This is a guide for writers, who (like me) can’t draw, but still want to create a comic. The task of creating a comic book as “only a writer” can be daunting. (As a disclaimer, I have never published a comic… but I’m new to this so, give me a break. I do hope to have at least one book picked by the end of the year.) I have done my research, and have lots of experience with at least the first 4 steps that I think others might benefit from. (And hopefully we’ll cross that magic number 5 together.)
Without further ado…
The writer’s guide to creating a comic book, from concept to publishing, in 5 easy steps:
1. COME UP WITH A KILLER IDEA
It doesn’t matter how great a writer you are – your unique, original idea is what’s going to get you published.
A. Do Your Homework.
Hopefully if you are wanting to create a comic book, you already read comics. That’s the first place to start. The comic book is a different world than the movie, TV show, or book, so get to know it, backwards and forwards. Study your favorite comics. What is it that you like about them? Pay attention to pacing and story and scene breaks. Where are the cliffhangers? Where is the action? Where are the personal moments? How much dialog can you comfortably fit on a page? How many panels per page? How many pages per issue? How many pages to a “scene”?
Get online, look for comic scripts. Learn the format. The weird thing about comic book writing, as opposed to screenwriting, is that the format varies quite a bit, so figure out what you’re comfortable with. Learn how to write for artists. Practice.
B. Create Your World
A great concept equals a great world. Create a world that is unique, that offers infinite story possibilities, & is something you haven’t seen before. The best concept is one that the story ideas write themselves. Look at Y: the Last Man. All the men die except for one. What does a world without men look like? There is so much to explore in that world…. the series could’ve gone on forever and he never would’ve run out of story because it is a fully-formed world. And it doesn’t have to be that elaborate. Maybe your fully-formed unique world could be “competitive high school cheerleading”, or “the secret lives of soccer moms”.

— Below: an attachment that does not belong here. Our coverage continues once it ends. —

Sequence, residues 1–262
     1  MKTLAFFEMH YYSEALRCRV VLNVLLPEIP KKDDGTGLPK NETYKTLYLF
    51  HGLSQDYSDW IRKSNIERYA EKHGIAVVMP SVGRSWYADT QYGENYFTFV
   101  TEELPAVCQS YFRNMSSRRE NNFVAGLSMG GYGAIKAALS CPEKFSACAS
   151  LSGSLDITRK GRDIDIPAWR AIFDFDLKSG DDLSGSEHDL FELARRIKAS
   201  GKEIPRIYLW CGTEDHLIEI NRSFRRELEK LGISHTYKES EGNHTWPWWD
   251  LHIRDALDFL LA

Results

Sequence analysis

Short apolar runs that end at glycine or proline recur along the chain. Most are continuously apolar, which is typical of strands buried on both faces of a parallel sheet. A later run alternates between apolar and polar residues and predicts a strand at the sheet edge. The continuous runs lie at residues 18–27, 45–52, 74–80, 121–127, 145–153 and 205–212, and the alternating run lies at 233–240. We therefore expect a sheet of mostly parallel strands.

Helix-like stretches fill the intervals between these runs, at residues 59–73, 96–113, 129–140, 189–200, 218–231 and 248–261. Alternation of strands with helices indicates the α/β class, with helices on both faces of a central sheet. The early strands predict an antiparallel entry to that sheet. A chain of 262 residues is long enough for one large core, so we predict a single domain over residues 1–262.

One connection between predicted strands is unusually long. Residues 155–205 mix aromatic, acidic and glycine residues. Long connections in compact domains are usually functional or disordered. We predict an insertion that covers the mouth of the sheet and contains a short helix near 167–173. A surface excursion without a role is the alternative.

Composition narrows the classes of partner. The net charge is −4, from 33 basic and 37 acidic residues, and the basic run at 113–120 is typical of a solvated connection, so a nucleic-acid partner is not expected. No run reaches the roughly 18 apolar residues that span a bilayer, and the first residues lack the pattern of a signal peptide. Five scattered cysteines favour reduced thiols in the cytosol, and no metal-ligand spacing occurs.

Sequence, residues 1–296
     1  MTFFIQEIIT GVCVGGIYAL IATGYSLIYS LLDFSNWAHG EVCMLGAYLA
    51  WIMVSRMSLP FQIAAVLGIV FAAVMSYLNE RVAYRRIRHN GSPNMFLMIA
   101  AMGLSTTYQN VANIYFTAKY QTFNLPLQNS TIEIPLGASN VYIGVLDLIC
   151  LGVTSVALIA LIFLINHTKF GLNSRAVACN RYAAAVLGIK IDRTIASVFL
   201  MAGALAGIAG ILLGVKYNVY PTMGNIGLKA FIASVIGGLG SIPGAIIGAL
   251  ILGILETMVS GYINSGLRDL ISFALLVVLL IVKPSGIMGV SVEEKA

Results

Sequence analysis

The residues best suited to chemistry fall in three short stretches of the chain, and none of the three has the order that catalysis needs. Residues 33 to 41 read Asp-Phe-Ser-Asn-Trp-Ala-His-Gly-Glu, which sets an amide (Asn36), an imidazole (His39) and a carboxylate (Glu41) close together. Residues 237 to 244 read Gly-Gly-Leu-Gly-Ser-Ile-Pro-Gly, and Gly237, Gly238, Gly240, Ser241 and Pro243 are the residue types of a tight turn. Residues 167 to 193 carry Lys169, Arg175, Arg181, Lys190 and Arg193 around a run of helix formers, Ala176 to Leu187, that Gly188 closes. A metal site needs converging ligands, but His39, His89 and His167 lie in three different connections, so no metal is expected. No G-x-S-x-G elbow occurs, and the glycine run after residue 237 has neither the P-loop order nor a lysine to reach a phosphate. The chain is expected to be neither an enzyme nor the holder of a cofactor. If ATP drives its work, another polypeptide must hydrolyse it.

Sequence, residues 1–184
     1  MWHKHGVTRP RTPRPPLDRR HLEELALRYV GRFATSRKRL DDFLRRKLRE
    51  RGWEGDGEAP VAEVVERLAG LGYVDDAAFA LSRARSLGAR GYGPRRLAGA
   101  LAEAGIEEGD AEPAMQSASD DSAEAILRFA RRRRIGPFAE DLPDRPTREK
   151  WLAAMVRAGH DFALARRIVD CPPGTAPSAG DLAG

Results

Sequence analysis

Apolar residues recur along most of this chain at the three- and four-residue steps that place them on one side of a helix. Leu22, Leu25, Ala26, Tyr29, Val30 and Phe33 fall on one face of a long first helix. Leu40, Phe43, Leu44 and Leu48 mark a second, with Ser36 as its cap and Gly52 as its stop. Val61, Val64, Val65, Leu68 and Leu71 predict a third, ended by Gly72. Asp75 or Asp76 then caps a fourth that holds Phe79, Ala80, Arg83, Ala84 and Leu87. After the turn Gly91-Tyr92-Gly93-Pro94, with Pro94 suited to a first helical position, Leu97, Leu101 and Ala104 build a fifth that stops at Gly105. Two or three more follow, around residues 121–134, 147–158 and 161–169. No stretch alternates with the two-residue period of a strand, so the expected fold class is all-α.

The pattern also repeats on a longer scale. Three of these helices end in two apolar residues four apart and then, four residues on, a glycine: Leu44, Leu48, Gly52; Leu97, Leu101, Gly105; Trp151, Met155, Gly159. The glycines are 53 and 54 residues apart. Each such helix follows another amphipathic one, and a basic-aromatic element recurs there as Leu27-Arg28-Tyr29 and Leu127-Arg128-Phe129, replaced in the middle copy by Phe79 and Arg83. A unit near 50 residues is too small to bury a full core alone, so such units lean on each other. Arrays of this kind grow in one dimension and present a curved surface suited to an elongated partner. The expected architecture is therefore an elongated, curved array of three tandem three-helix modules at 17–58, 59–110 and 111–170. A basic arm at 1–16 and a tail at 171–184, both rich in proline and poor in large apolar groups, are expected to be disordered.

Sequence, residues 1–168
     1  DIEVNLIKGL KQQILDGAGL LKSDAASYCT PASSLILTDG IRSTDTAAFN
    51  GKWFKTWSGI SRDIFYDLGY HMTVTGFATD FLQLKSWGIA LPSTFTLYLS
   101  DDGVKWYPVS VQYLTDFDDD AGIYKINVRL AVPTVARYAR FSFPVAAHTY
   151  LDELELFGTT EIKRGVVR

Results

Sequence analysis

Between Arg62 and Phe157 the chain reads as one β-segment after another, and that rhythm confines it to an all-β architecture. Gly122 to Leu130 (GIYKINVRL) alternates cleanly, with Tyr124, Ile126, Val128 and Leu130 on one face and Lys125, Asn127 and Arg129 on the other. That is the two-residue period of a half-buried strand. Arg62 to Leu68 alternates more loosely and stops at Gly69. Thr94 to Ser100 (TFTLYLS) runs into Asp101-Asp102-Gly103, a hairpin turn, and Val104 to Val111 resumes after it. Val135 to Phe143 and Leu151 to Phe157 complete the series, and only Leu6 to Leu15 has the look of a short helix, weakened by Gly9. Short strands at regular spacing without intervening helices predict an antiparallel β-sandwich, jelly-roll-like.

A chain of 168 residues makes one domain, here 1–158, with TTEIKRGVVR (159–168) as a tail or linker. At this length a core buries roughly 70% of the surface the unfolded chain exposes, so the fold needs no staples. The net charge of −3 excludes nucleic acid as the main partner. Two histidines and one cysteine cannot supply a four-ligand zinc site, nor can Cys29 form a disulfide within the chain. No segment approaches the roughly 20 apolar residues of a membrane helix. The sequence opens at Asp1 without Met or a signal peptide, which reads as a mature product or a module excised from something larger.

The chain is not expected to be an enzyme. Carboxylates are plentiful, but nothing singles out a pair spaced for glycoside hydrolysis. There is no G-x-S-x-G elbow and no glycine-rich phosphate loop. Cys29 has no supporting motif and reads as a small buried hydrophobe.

What is your emotional story? It’s not enough to just have a cool super hero idea or a cool serial killer idea. Who are your characters? Who is going to introduce you to this world? What is their story? My favorite comics are the ones that spend as much time on character as they do on plot… and vice versa. You can’t have one without the other. Again, with Y: The Last Man, the book wouldn’t be much if it was just random stories of a world without men, but you are introduced to this world through the eyes of Yorick – the last man on earth. From the first issue you are introduced to an overarching plot & to a character that you are interested in following emotionally.
C. Let it Marinade.
Your initial reaction will be to jump into it immediately, but be patient, let the ideas percolate. Run them through your head over and over… look for loopholes, ask yourself hard questions, get to know your characters. Share your concept with others, get feedback. My first book went through major changes after getting comments from friends and colleagues, and it got a ton better. Before you move onto the next step, make sure you have fully realized main and secondary characters (each with their own emotional stories), a world for you to play in, an overarching plot that can carry your series for 50 issues or more (or, if it’s a single story, fill a 100+ page OGN), and a number of smaller stories, ready to go, that will carry you along the way. The more time you spend in the world of your concept, the more realized it will be.
2. CREATE YOUR PITCH.
For an unknown writer, the pitch is everything. The pitch is what you use to get your name out there, to attach an artist, and to get published.
A. What’s It About?
You should be able to sum up your concept in about 2 sentences. You should be able to cover your first story arc (or entire OGN) in just one page. People aren’t going to be willing to read more than that. (We live in a lazy society, what are you going to do…) A good pitch should have your concept or world presented right up front, and then pull us in with your important character & plot beats.